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Take up and read!

Reading is a key part of our lives. Usually when a printed text catches our eye, we read it. Reading is such a pervasive part of our experience that responding to the written word is almost automatic. When we see it; we read it.

Reading is a gift, since it allows us to communicate with others. We read what they write; we write, and they read. Even when we do not know who the author is, the written word still can have power. When we write, we do not always know who will be reading our words. So reading is a venture into the unseen — a venture of faith. We read what others write and receive their thoughts, even when writers are unknown to us, even when what we read was written centuries before our time.

My life has revolved around reading. Like many others, I read for pleasure, though I confess my breadth of reading is not as wide as for some. I read for the work I do, as a theologian and author. Reading is a special gift since it helps us transcend ourselves, opens new visions and ideas. Theologically, reading can be a means God uses through the Holy Spirit to lead and guide us. What we read is important.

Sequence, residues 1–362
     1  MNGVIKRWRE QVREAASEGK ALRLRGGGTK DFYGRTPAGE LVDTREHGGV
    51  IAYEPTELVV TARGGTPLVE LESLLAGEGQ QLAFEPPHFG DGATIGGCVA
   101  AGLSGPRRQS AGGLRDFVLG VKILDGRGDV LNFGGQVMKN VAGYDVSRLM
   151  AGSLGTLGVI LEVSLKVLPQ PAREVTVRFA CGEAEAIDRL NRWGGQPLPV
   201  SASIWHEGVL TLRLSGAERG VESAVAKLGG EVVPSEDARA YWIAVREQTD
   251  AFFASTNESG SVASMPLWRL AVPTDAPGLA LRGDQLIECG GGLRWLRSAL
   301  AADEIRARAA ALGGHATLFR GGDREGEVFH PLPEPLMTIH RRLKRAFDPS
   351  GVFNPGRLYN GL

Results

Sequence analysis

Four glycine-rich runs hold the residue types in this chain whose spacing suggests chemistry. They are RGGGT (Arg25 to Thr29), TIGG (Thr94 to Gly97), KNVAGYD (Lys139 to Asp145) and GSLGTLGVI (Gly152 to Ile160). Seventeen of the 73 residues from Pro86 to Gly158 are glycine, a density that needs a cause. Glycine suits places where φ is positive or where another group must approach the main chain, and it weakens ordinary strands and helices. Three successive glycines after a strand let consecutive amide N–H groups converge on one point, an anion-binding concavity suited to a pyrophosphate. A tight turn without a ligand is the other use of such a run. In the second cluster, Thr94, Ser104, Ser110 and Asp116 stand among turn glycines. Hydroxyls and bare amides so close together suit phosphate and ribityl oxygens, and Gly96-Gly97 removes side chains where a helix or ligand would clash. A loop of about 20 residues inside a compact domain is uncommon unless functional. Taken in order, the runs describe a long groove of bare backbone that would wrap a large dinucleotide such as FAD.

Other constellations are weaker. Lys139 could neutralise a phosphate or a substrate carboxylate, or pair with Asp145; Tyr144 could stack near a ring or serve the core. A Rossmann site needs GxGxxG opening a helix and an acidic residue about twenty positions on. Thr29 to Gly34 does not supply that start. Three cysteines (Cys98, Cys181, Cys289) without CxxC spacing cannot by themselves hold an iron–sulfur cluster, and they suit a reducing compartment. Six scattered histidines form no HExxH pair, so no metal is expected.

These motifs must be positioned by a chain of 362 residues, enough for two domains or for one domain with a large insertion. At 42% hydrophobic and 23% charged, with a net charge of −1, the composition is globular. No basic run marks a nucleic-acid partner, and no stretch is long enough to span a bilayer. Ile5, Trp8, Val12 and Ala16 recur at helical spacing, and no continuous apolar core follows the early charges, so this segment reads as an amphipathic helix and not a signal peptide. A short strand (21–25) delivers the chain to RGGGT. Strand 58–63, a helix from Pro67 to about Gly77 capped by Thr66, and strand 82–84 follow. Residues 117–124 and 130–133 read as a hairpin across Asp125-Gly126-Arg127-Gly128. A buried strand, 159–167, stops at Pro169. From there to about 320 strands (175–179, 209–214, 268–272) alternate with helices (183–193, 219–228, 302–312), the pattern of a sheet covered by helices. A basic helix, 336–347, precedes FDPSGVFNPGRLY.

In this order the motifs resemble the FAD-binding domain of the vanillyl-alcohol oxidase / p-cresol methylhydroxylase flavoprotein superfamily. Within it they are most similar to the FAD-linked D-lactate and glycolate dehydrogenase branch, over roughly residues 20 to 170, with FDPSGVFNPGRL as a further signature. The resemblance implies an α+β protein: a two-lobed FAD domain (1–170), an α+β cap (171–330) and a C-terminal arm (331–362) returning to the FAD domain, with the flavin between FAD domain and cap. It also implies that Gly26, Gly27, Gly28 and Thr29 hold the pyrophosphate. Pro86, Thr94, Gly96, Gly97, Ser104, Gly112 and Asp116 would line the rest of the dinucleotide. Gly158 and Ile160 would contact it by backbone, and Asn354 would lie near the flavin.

The lives of all Christians can be enhanced by reading works that strengthen and deepen our understanding of Christian beliefs and Christian living. The famous story that St. Augustine of Hippo related in his “Confessions” involved his hearing children repeatedly chanting “Take up and read!” (In Latin: “Tolle lege; tolle, lege!”). Augustine turned to a copy of the book of Romans from the Bible lying on a bench and read: “Put on the Lord Jesus Christ” (Romans 13:14). Reading this verse changed Augustine’s life. He felt “the light of full certainty and all the gloom of doubt vanished away.” Augustine went on to become one of the church’s most significant theologians. He carried out the chant: “Pick it up, read it!”